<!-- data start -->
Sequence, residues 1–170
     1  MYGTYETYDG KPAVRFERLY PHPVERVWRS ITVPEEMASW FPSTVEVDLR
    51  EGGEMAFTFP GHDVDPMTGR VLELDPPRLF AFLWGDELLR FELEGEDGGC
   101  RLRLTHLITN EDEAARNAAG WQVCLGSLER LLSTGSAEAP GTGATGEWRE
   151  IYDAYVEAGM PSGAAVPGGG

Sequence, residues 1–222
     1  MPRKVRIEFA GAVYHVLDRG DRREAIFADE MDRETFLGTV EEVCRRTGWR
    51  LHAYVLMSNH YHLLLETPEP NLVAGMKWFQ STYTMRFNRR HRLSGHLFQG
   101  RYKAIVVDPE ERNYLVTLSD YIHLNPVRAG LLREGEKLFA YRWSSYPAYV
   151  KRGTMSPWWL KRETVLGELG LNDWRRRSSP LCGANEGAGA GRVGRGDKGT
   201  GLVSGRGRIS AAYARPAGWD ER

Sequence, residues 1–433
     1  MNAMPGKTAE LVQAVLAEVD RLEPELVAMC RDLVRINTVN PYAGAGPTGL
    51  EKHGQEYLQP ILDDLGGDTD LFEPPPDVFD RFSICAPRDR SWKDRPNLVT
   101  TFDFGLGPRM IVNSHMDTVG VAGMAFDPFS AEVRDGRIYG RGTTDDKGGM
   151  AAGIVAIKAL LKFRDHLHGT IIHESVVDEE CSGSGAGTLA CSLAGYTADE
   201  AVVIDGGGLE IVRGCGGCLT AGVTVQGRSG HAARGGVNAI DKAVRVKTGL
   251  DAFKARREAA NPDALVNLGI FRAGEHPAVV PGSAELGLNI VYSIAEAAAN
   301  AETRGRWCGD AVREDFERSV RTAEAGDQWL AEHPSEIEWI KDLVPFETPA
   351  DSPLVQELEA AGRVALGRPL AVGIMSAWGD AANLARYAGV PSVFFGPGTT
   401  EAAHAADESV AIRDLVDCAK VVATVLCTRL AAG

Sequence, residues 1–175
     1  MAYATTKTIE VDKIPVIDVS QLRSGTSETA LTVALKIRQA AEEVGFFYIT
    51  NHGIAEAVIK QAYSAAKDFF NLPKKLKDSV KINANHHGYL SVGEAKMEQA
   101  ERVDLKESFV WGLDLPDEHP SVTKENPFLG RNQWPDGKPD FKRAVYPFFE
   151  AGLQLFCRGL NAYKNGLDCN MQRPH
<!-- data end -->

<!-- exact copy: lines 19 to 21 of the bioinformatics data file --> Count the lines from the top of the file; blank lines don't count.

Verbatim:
   301  AETRGRWCGD AVREDFERSV RTAEAGDQWL AEHPSEIEWI KDLVPFETPA
   351  DSPLVQELEA AGRVALGRPL AVGIMSAWGD AANLARYAGV PSVFFGPGTT
   401  EAAHAADESV AIRDLVDCAK VVATVLCTRL AAG